Thursday, March 23, 2023

Ready, steady… green!

There are two big climate-related questions that the digital sector must face. Is the industry a green beacon of hope or rather a black lump of carbon despair? Is going truly green – as in setting science-based climate neutrality goals and actually acting to deliver them ASAP – a problem or an opportunity?

Staring with the first point: what is the digital’s overall climate footprint ?

The science is clear. The climate crisis is the biggest challenge that the humanity has ever faced. We have brought it upon ourselves. We continue to exacerbate it extracting and burning fossil fuels. But surely it is not really the problem of the digital – or is it? Any economic activity has its impact on environment and climate. The digital sector is no different. We are responsible for 4-5% of global greenhouse emissions and use up to 10% of global electricity.

Some may imagine that since a smartphone has no exhaust pipe and a computer has no chimney, they are “clean”. Well, they are not. You need a lot of hardware for the digital to operate. Think about all those cables, towers, satellites, servers, customer devices… And then you need to make it all work. And, alas, we have not yet mastered powering our tech with magic– we need electricity. And a lot of it! The digital products and services can only be as climate friendly (or harmful) as the infrastructure and energy they run on. You can only be as green as the weakest link of your value chain. Let us never forget that or try to shy away from this responsibility. It may catch up on you fast and nasty with the increasing regulatory pressure and consumer conscience.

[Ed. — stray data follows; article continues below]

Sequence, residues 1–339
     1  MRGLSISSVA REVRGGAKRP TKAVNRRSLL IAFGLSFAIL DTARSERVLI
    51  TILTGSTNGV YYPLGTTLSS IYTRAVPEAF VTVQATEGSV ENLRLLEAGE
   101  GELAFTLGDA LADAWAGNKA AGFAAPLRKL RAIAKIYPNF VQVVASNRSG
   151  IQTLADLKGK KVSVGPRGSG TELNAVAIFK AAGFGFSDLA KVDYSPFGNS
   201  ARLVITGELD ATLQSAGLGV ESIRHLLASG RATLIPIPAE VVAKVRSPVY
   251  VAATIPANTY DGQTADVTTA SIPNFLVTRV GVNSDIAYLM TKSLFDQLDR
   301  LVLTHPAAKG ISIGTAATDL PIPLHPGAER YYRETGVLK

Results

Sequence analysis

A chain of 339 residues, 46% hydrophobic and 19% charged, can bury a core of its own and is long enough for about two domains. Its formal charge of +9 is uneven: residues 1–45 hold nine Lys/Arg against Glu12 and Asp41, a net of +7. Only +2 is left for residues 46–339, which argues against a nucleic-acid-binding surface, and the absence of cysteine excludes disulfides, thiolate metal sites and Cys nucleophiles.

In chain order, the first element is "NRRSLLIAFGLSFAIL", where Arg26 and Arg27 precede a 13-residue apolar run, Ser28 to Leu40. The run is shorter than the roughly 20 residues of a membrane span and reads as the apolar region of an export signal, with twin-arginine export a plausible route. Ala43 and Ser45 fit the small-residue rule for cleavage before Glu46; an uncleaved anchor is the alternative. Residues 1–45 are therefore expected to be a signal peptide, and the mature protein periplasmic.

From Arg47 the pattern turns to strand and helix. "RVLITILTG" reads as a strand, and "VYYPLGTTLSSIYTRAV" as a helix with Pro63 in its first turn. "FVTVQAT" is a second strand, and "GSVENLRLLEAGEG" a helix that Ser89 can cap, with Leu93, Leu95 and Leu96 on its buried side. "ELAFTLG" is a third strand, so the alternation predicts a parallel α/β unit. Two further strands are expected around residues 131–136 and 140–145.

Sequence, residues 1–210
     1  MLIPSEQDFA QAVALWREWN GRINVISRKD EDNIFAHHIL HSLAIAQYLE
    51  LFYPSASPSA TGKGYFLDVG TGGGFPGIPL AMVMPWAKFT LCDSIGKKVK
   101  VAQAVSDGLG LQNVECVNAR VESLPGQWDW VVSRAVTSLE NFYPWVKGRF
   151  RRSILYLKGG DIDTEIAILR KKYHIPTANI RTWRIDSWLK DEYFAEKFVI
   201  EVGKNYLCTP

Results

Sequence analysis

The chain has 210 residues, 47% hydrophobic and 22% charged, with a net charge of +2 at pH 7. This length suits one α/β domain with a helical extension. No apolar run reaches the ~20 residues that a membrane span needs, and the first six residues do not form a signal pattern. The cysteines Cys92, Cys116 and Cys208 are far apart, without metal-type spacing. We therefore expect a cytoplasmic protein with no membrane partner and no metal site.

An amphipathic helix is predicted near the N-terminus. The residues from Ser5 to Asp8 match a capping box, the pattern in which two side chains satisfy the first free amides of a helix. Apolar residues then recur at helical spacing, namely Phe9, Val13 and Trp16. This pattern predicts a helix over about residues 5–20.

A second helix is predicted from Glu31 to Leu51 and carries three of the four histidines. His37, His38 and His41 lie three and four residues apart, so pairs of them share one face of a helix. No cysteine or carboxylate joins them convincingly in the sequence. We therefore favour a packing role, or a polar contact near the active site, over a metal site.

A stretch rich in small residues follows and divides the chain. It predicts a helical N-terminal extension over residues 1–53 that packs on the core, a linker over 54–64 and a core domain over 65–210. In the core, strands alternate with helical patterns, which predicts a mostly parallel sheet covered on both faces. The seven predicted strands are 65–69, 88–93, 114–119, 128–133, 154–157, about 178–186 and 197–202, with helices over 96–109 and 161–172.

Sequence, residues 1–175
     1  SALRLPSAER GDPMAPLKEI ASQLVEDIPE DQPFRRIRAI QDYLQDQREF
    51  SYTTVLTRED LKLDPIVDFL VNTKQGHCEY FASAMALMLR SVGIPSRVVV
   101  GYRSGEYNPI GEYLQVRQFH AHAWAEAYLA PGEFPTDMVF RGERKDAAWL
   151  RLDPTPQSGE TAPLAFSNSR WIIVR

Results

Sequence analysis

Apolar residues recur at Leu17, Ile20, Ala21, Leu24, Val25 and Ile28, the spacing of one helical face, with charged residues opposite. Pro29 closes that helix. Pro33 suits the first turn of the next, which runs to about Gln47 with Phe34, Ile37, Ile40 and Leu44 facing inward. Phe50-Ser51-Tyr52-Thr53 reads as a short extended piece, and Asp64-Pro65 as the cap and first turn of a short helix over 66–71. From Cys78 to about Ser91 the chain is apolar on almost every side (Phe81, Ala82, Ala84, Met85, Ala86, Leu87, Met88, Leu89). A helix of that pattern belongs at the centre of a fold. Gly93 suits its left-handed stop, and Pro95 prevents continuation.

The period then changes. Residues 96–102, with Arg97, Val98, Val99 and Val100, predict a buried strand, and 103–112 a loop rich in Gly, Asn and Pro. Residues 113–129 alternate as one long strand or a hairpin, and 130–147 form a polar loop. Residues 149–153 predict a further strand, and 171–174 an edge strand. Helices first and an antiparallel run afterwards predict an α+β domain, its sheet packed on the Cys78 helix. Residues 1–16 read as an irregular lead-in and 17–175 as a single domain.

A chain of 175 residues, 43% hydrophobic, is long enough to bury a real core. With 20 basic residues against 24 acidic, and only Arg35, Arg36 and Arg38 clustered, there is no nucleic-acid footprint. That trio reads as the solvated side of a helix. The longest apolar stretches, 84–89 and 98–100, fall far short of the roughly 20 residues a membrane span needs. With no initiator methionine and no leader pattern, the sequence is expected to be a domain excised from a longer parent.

But once you accept this charge, you can put your own carbon backyard in order: look into your operations to understand the priority areas that emit the most; set a science-based net zero carbon goal; and – most importantly – act to reduce as much greenhouse gas (GHG) emissions as rapidly as possible.

This will provide your business with two benefits. Firstly and obviously, you are doing the right thing. Business must take its responsibility for climate change and act – and you are on your way. But secondly, it gives you credibility to look into how your digital products, services and solutions can assist your customers, be it B2C, B2B or B2B2C, in their own “green” challenges. More and more individuals and organisations need or want offers that have a clear carbon tag or that help them understand and reduce their own resource consumption or GHG emissions.

The digital has a double role to play. Yes, we must get our value chain emissions to net zero. But at the same time we can be part of the solution to the climate emergency and thus build value to all our stakeholders. But it will only work in the long run if we make sure to get our own backyards in order – through decisive, rapid, science-based action to reduce GHG emissions across our entire value chains.

What about the second big question: is this climate responsibility a problem and a cost – or rather an opportunity and a source of value?